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Financial services professionals and regulators are offering movie buffs the chance to get their fill of fraud in a two-day film festival in November.
The inaugural New Zealand International Fraud Film Festival will take place on November 18 and 19 at Auckland's Q Theatre, with the first day set aside for an industry get-together and the second open to the public. The festival will coincide with Fraud Awareness Week, and has been set up to bring financial crime to the big screen, with panel sessions following the movies to get the audience engaged in the debate.
"Fraud in New Zealand can occur on a large or small scale but ultimately it harms the victims and our economy, impacting livelihoods and reducing trust," festival chair Ian Tuke said. "This festival is the product of a diverse group of private and public sector partners who have worked together to bring this fantastic initiative to New Zealand to create a forum for debate around how we can collectively counter fraud."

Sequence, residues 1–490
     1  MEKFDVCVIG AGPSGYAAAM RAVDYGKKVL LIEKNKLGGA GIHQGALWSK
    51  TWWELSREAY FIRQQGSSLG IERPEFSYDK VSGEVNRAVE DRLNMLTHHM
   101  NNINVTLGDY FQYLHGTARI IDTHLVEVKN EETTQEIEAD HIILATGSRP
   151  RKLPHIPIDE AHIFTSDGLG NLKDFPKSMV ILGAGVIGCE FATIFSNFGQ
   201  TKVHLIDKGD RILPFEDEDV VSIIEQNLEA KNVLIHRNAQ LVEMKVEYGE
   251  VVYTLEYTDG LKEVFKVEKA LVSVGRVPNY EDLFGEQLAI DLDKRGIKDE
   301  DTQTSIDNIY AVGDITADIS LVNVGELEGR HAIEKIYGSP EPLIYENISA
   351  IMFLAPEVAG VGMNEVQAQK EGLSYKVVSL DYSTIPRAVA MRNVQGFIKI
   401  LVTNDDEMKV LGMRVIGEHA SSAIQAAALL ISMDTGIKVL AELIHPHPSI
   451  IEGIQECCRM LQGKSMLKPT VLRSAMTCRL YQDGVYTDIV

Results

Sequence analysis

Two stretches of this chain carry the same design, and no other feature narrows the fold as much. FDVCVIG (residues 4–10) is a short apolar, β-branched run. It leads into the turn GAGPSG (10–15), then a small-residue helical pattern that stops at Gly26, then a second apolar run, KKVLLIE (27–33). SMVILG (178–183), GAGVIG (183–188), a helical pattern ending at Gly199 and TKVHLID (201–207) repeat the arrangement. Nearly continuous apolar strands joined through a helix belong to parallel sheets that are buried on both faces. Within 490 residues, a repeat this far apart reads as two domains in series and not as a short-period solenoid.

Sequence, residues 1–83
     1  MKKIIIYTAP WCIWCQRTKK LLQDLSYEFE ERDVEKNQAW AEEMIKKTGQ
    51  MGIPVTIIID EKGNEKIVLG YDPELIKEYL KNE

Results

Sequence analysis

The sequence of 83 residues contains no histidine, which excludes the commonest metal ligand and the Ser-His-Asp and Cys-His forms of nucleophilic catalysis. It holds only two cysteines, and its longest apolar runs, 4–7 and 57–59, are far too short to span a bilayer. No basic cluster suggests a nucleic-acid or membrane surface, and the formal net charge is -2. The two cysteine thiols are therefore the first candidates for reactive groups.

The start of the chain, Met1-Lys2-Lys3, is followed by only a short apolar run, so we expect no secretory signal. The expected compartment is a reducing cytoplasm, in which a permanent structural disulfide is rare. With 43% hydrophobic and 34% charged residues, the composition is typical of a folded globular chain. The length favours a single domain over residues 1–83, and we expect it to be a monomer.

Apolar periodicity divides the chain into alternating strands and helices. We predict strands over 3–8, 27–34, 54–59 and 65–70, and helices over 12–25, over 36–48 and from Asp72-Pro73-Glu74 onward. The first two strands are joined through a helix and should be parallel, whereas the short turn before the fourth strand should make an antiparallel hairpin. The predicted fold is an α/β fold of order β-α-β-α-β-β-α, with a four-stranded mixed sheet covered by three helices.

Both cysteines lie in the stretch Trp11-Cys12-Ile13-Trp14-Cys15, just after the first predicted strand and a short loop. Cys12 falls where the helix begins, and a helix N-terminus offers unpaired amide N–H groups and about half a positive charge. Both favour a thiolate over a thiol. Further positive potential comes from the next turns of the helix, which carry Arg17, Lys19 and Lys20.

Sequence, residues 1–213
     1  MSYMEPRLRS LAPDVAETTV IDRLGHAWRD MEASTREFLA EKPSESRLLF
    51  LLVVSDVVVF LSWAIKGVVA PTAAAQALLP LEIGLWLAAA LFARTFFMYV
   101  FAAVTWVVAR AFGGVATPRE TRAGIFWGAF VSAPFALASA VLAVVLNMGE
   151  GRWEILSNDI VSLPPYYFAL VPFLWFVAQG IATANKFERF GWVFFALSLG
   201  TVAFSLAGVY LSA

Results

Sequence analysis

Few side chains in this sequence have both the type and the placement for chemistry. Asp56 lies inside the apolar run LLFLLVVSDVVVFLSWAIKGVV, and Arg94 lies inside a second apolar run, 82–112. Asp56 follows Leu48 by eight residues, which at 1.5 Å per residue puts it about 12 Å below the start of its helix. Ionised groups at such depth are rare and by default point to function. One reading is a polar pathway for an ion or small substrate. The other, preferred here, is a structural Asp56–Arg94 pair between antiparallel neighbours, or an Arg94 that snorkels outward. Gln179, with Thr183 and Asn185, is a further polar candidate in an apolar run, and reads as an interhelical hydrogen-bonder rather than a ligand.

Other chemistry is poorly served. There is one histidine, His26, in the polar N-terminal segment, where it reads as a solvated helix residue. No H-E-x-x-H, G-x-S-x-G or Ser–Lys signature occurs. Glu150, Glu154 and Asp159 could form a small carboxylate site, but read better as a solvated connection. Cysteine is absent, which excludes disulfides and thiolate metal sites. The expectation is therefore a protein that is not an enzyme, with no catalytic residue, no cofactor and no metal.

The New Zealand event is affiliated with the Dutch Fraud Film Festival, which launched in 2014. The festival's partners are accounting group Deloitte, legal firm Meredith Connell, ASB Bank, Visa New Zealand, private eye Omega Investigations, brand manager Dave Clark Design, Transparency International, the Financial Markets Authority, the Serious Fraud Office, Accident Compensation Corp, and the Ministry for Business, Innovation and Employment's consumer protection team.
The programme is still to be finalised, but will include Deep Web, a movie about the area of cyberspace often cited as a hotbed of illegal activity; The Captain and the Bookmaker, a documentary about disgraced South African cricketer Hansie Cronje's match-fixing; and Chancers, a story about how film-making is used to dodge tax.